When you start to talk, do it easily, gently and smoothly without forcing and prolong the first sounds of words you fear.
This most essential second rule suggests that you make a practice of stuttering easily and smoothly without forcing. It doesn’t call for you to stop stuttering, but to do it calmly, smoothly, sliding into the sounds of words with light, loose movements of your tongue, lips and jaw.
Also, this rule recommends that while talking easily, you prolong the first sound of any word you fear. And furthermore, that you make a point of prolonging the transition to the next sound or sounds of that word. This only refers to words you fear. It is not suggested here that you prolong all sounds of all words.
Some try to cope with their problem by trying to force words out at the same time as they close off the airway by squeezing the lips together, or pressing the tongue tightly against the lips together, or pressing the tongue tightly against the roof of the mouth. This makes no sense. You can’t pour water out of a corked bottle. Explore how easily you can stutter. Substitute easier ways of stuttering for your abnormal and frustrating habits. Stutter easily and calmly. You will feel the difference.
Don’t try to force trouble-free speech.
Don’t struggle when you talk. One of the ways you can tell if you are struggling is to monitor the amount of air pressure in your mouth. Try not to let it build up behind your lips or tongue. Try stuttering with the lips loose and the tongue not pressing tightly against your gums or palate. Why erect a blockade in your mouth behind which the air pressure increases greatly?
So, if you can comply with this rule and let yourself stutter easily, your severity will be lessened and so will the frequency of your stuttering. Although this may be difficult to carry out, we also recommend that when you are alone, you practice relaxation of your speech muscles. This calls for you to purposely tense yourself, particularly in the mouth area. And then release or reduce the tension so the difference can be felt.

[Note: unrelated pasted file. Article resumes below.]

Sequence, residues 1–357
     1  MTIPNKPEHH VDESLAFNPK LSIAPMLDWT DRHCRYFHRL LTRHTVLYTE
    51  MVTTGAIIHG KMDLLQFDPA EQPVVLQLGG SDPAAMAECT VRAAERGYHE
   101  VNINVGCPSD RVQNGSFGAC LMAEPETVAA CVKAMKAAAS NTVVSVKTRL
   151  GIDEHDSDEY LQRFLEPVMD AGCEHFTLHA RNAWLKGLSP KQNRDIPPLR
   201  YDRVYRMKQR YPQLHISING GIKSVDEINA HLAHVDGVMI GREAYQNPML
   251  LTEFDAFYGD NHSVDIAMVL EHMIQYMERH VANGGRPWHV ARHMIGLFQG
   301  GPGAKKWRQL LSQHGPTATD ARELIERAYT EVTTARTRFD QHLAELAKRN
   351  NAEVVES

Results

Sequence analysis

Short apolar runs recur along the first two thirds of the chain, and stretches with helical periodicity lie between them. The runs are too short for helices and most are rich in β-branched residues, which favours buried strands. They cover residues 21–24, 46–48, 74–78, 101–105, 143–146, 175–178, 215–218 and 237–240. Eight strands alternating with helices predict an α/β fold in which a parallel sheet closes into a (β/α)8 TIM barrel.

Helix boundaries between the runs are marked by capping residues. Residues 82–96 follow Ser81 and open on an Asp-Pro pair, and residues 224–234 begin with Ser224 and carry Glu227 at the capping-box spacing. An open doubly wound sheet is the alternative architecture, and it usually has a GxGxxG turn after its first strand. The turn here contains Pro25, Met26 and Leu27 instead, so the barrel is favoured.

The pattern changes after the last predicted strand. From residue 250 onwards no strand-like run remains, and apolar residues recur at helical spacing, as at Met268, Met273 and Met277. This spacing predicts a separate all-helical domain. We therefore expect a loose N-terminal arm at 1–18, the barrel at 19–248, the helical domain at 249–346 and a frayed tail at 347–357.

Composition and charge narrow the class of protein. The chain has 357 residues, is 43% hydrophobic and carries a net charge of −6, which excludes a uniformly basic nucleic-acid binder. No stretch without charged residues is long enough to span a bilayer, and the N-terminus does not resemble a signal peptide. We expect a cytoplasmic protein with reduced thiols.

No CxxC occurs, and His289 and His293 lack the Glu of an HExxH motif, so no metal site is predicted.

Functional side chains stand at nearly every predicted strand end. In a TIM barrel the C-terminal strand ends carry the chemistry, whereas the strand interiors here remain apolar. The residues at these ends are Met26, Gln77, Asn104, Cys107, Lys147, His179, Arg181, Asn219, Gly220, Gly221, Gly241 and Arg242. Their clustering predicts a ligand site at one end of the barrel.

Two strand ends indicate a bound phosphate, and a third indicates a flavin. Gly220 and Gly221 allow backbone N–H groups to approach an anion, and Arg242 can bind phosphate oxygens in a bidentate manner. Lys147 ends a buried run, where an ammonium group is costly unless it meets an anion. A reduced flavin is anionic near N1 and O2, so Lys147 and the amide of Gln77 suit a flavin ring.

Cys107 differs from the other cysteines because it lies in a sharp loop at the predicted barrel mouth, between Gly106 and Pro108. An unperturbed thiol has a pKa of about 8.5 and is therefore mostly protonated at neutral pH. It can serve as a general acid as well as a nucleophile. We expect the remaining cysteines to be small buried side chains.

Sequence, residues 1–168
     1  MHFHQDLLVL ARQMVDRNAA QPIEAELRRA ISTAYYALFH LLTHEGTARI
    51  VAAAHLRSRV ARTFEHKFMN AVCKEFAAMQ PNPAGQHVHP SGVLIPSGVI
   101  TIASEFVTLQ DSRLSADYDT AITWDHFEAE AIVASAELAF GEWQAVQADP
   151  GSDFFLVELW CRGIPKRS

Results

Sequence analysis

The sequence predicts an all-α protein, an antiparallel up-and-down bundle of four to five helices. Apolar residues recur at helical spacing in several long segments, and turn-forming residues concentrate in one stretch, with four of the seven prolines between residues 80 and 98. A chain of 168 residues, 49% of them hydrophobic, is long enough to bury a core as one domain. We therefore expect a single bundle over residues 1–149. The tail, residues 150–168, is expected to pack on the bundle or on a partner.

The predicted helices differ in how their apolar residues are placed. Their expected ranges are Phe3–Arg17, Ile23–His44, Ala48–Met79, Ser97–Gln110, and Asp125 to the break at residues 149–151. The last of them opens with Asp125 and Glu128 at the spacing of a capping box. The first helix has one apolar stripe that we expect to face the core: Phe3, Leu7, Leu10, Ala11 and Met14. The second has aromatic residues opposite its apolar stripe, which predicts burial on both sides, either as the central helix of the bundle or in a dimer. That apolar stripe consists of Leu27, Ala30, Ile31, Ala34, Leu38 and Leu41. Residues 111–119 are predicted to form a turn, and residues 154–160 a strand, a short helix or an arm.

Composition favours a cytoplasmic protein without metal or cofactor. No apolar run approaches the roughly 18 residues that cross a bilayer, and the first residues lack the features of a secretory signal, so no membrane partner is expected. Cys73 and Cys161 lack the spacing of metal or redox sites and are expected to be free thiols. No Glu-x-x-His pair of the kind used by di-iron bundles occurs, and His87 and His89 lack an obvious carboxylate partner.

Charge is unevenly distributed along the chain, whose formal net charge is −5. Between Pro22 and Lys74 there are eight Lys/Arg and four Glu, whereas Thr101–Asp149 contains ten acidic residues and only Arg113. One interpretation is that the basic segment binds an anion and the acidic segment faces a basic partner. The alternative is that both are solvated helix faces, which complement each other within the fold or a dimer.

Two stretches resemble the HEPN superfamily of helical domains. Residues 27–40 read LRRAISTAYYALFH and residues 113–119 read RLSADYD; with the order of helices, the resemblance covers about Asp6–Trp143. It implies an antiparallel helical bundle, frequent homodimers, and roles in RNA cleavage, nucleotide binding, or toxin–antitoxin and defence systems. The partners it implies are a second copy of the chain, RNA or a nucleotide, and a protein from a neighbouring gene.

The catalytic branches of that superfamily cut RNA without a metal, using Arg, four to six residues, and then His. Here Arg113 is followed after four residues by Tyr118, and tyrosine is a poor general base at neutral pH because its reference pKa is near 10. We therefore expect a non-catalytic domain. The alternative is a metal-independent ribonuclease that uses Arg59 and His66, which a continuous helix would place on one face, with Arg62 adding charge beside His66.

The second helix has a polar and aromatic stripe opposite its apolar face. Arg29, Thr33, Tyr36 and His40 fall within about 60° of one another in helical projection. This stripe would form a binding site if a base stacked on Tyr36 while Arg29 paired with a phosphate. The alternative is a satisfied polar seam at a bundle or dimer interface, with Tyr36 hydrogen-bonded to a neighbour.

It is suggested here that just on feared words, you prolong the first sound of such words and then prolong the transition to the next sound or sounds of the same feared words. This could mean taking as long as a second or more in making the gradual transition to the next sound.
By deliberately permitting yourself to prolong the initial sounds of many of the words you will be taking the psychological offensive. –Murray
- Practice talking smoothly and easily by reading aloud when alone for five to ten minutes a day. Read in a firm voice but keep your speech movements loose and relaxed. The idea is to get accustomed to using gentle, light control of your muscles of speech whether or not you stutter.
How to remember to remember the goals?
Put up a sign on your clock or mirror reading “remember to easystutter today,” /put a rubber band on your wrist so you will be continually reminded to direct your efforts toward talking easily while prolonging certain sounds of feared words. Make a list at night of the times during the day when you did or did not remember to talk as suggested.
When you are working on these rules, it is well to make a record of your progress in your workbook. First, try for one successful performance, then two in a row, three in a row, etc. until you have been able to collect five consecutive listeners to whom you have spoken slowly in an easy, smooth manner, whether or not you stutter.
Thomas Carlyle, the historian, to Ralph Waldo Emerson, said “a stammering man is never a worthless one…It is an excess of delicacy, excess of sensibility to the presence of his fellow-creature, that makes his stammer.”